As a cisgender man, I realize that I have no right to dictate what a pregnant person does with their reproductive system.  Unfortunately, Cardinal O’Connor failed to recognize the same. He believed his religion gave him the right to impose his so-called morals on others, without any exception or space for bodily autonomy.  When asked about abortion in the case of rape or incest, he maintained that abortion was immoral because he considered rape a “legally lesser evil” than abortion.  When discussing the deaths of women dying from unsafe abortions before legalization, he shrugged off their deaths saying “the mothers involved could have chosen not to abort.” To call him “pro-life” is particularly rich; what he really was is “pro-fetus.”  He used his position as a cardinal and the Archbishop of New York to attack access to reproductive and sexual health, and dedicated himself to working against gaining access to basic healthcare.

 

Beyond his shameful history of weaponizing religion to control people’s bodies, he was through and through a homophobe.  He is history of discrimination against queer people is long.  When gay rights activists won the anti-discrimination ordinance, which banned discrimination on the basis of sexual orientation, he fought viciously to have it overturned.  He banned Dignity, the gay and lesbian Catholic organization, from using any Church facilities to practice their religion.  He also prevented Dignity from demonstrating on the steps of St. Patrick’s Cathedral, which the Supreme Court later ruled unconstitutional.  As the AIDS epidemic raged and decimated the gay community, he worked to prevent condom distribution and called for “marital fidelity” as a response to the crisis.  For him, abstaining for condom use was more important than preventing the spread of AIDS.  As he actively worked against groups like ACT UP, President Reagan awarded him for his action with a seat on the AIDS commission, famous for its inaction in the face of plague.  In 1989, ACT UP led a 4,500 person protest outside of a mass over which Cardinal O’Connor was presiding, in what at the time was the largest action against the Catholic Church ever.  Meanwhile he pathologized “homosexual inclinations” and equated gay men with pedophiles in response to sexual abuse in the Catholic Church.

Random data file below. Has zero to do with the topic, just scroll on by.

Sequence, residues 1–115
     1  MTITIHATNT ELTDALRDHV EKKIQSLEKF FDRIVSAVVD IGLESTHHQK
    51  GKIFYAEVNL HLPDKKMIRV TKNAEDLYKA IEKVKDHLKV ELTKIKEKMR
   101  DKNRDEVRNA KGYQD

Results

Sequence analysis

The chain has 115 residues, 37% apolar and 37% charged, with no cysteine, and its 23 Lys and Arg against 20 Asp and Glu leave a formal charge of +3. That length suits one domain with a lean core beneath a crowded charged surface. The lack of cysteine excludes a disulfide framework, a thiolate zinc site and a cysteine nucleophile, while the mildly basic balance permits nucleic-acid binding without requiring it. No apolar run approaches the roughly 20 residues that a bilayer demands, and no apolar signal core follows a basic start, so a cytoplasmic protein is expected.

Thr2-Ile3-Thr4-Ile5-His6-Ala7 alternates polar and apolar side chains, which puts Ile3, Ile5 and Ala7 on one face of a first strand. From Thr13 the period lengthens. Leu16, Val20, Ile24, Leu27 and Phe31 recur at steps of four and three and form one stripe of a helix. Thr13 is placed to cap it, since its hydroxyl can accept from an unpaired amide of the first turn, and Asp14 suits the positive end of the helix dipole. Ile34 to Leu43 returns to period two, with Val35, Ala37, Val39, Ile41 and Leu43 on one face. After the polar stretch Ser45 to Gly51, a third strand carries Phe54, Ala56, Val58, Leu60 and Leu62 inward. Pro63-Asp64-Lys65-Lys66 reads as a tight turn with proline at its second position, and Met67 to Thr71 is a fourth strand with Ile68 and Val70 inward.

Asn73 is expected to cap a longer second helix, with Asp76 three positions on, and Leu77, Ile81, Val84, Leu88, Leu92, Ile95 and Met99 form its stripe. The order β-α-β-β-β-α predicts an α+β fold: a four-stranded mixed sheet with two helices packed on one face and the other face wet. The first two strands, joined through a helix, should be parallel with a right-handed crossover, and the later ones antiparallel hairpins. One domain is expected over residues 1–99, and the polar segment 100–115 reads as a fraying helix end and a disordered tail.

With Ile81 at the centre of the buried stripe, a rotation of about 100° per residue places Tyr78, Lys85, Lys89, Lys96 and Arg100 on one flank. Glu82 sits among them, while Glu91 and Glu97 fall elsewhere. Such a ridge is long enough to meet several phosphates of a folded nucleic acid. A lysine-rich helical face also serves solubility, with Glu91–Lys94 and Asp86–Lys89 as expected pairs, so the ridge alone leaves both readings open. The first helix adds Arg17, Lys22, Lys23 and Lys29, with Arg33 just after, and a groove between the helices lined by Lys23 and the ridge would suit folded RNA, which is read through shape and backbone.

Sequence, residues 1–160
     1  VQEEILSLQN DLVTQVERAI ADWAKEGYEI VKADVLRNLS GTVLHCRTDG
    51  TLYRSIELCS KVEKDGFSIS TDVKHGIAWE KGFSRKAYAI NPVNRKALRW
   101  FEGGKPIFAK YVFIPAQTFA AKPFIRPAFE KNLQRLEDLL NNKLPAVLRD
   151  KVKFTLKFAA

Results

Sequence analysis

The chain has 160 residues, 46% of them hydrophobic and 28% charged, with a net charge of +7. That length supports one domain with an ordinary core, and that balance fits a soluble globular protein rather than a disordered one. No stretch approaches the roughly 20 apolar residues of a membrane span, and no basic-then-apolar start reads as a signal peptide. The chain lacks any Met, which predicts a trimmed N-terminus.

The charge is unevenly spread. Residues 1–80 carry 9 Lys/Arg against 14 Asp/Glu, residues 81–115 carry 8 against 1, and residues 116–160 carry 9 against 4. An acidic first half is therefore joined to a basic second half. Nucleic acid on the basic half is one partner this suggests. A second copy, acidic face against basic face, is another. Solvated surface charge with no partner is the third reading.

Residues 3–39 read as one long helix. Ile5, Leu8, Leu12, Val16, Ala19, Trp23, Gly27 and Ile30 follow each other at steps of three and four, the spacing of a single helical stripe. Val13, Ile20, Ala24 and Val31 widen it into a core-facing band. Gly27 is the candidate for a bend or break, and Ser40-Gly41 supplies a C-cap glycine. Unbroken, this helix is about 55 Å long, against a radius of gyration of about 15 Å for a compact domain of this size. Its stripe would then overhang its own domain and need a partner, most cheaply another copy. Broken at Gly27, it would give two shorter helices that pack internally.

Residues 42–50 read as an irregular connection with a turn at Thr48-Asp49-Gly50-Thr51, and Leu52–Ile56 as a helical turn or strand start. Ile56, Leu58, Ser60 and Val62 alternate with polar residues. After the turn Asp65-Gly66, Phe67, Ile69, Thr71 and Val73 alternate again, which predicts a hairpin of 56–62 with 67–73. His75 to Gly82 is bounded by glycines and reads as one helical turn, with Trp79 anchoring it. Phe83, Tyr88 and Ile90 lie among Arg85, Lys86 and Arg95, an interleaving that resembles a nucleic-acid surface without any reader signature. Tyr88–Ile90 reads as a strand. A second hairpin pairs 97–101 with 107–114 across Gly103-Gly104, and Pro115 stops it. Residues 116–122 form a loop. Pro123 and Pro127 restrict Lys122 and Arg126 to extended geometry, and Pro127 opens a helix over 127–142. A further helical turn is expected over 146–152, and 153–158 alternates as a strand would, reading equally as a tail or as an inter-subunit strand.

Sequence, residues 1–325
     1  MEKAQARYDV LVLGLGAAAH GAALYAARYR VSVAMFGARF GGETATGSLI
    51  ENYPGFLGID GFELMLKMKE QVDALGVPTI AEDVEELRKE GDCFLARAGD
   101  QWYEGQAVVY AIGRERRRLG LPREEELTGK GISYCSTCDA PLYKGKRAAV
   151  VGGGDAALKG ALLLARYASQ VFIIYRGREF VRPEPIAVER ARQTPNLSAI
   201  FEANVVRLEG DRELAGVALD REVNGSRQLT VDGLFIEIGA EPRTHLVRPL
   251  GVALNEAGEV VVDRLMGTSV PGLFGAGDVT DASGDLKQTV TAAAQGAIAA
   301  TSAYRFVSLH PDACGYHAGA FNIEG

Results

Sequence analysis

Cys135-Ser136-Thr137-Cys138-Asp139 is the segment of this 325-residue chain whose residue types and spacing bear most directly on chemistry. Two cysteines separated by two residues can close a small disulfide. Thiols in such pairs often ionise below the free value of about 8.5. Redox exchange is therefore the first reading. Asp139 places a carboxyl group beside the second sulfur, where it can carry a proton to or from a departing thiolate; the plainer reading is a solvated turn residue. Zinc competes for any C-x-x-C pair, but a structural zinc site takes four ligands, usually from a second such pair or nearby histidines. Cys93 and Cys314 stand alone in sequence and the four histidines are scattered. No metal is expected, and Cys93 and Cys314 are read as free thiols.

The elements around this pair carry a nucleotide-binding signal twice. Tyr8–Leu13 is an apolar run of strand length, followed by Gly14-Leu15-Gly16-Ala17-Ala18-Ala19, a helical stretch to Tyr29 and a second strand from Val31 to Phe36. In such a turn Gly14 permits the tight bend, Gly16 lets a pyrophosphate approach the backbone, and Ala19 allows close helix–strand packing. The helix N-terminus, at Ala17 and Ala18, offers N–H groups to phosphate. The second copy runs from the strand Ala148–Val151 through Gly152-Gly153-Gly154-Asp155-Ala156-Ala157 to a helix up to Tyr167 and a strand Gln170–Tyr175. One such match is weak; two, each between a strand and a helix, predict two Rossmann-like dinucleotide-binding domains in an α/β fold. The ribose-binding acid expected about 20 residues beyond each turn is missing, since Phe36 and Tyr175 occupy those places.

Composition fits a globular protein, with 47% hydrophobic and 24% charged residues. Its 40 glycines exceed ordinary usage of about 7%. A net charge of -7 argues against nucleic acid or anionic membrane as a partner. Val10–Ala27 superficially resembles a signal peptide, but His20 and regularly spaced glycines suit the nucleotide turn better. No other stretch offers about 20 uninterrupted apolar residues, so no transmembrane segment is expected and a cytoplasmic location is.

Cardinal John O’Connor was a hateful person.  As a queer person, I am deeply hurt that my University condones the honoring of a man who believed that my very existence is immoral.  But as a human being I am disgusted that we let Georgetown’s name be associated with his hate, and I am embarrassed to see my University celebrates him.  For Georgetown to allow its buildings to be used in the name of a man who dedicated his career to hating queer people is an inexcusable attack on its queer students, and sends us a message that we are unwanted and unprotected.
H*yas for Choice is protesting this conference because it demeans every member of the Georgetown community.  We will not stand idly by while anyone uses our home to spread a message that goes against everything we know Georgetown stands for.  I am proud to be part of an organization that recognizes this conference for the tragedy it is, and refuses to be silent in the face of its hatred, its oppression, and its betrayal of Georgetown’s values.

NOTE: “Life” remains in quotation marks because neither a zygote, nor an embryo, nor a fetus is a life.  The rhetoric of life employed by the organization is dangerous to the actual lives of the people they would force to carry pregnancies to term against their wills.  To say otherwise is, in the words of Kellyanne Conway, who spoke at yesterday’s March for “Life,” an alternative fact.